July has been a much smoother month in the skies – at least so far; the month's not over yet. But travelers are still understandably anxious about the prospect of delays and cancellations that ruined millions of travel plans earlier this summer.
We've written about every tip and trick flyers can employ to survive (or avoid) these disruptions, but one stands above the rest: The earlier your flight is scheduled, the better odds you have of getting on and off the ground on time. And data collected by the federal government on airlines' on-time performance proves it.
The latest Air Travel Consumer Report from the U.S. Department of Transportation shows that on-time departures steadily decline at the nation's largest airports as the day progresses. Consider this: 86% of flights scheduled to depart before 9 a.m. got off the ground on time. But by 4 p.m., that fell below 70% of on-time departures. And by 9 p.m., just 63% of flights were departing on time.
This interactive chart shows that decline clearly – and that these delays have gotten at least a bit worse compared to prior to the pandemic.
Those numbers all come from May 2022, the most recent month for which airline delays and cancellations is available from the Department of Transportation. Keep in mind that airlines and federal regulators consider a flight on-time if it arrives or departs within 15 minutes of schedule. Numbers from June delays and cancellations – another rough month for airlines as summer travel got underway – won't be out for another month or so.
And those are just the averages from the nation's 30 largest airports! It gets much, much worse depending on which airport you're flying from … and Chicago-Midway (MDW) is among the worst. Despite starting the day with more than 92% of flights departing on-time between 6 a.m. and 7 a.m., less than half of flights got off the ground on-time after 4 p.m.
Newark (EWR), an airport so notoriously congested that United recently slashed 50-plus flights a day to limit issues, also struggles with on-time departures as the day progresses. Here's a look at each of the nation's largest airports, from Atlanta (ATL) and Boston (BOS) to Tampa (TPA) and Washington, D.C.-Dulles (IAD).
To be clear, we're not unearthing anything earth-shattering here. The pandemic has changed so much about air travel, but this trend has been around for years – if not decades. Whether you compare those on-time numbers to last year, the last full year of pre-pandemic travel in 2019, or even 2009, it holds up: Earlier is almost always better. The later you fly, the more chance that an airline's potential problems stack up and result in disruptions.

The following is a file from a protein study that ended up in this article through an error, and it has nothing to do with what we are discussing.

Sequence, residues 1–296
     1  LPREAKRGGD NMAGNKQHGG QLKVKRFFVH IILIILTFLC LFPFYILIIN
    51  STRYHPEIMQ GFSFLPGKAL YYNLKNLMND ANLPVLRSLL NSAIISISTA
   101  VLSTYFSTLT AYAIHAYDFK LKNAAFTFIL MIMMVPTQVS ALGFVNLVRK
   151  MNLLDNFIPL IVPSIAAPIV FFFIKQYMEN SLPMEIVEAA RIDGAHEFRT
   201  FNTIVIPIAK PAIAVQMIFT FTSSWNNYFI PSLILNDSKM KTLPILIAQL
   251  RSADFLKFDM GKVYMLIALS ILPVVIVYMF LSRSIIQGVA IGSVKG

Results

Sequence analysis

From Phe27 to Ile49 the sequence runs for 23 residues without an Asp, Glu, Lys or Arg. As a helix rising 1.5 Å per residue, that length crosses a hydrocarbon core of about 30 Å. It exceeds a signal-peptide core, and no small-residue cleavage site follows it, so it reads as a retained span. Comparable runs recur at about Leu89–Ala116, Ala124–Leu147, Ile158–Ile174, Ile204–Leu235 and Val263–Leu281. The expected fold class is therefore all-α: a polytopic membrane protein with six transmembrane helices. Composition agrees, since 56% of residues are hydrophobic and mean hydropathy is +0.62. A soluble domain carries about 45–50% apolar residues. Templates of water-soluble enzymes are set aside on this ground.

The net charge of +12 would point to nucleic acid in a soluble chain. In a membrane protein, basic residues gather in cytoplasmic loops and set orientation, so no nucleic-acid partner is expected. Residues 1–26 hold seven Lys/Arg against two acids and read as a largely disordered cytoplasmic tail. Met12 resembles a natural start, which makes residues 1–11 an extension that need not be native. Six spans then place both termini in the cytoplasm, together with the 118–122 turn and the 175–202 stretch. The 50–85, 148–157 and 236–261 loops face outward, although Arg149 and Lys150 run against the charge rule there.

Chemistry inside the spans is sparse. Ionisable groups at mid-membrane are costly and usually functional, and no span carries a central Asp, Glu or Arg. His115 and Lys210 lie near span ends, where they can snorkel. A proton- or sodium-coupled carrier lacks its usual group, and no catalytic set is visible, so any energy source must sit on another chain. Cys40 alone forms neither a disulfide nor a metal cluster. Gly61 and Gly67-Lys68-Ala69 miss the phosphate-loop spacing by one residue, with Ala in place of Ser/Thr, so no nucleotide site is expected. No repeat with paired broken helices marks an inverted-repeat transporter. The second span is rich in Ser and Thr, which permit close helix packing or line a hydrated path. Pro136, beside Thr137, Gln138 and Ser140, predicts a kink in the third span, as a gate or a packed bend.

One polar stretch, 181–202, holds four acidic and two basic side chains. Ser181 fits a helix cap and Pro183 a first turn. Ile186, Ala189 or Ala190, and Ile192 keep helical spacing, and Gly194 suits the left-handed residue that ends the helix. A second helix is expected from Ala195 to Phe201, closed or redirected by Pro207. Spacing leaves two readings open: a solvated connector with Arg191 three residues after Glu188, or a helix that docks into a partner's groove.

But with 2 million-plus Americans flying each and every day as travel rebounds this summer, the disruptions have been particularly brutal in 2022. This data on delayed departures doesn't even factor in the slew of mass cancellations that have affected almost every airline in the country recently. Nor does it account for just how severe the delays might have been: Whether a flight departed 16 minutes or 16 hours late, it's counted just the same in these percentages.
Here are a few other observations on how you can put these numbers to use in your travel planning:
- Can't handle a 4 a.m. wakeup call to make it to the airport for a pre-7 a.m. flight? At least shoot for a flight departing prior to noon, after which there's a marked drop off in on-time departures.
- Along with Midway and Newark, Baltimore (BWI), New York City (JFK), and Las Vegas (LAS) seem to struggle most getting flights out on time by the afternoon and evening. You might want to go out of your way to book an earlier departure from these airports.
- While earlier is still better, a few airports clearly fare much better than others with later departures including Detroit (DTW), Dallas-Fort Worth (DFW), Houston-Intercontinental (IAH), San Diego (SAN), San Francisco (SFO), and surprisingly, even Chicago-O'Hare (ORD)
- Among all these 30 airports, Delta and United hubs seem to have the best track record. Airports with a heavy Southwest presence like Baltimore, Dallas-Love Field (DAL), and Chicago-Midway are all some of the worst.
- See that uptick at the very end of the daily schedule at each airport? That's because it includes departures from 11 p.m. all the way through to 6 a.m. the following morning. Those early-bird flights are definitely skewing the numbers higher.
If you've already locked in your flights and are suddenly worried about an afternoon or evening departure, it's not too late.
Almost every airline in the country has done away with change fees on both domestic flights and international departures from the U.S. – and Southwest has never had them, period. So long as you haven't purchased a stingy basic economy fare, that means you could swap to an earlier flight without paying extra fees. You might, however, be on the hook for a fare difference if an earlier departure is more expensive.
This latest data proves, once again, what we've been saying for months: Pick the early flight.
Now more than ever, that's the single best bet you can make for an on-time flight.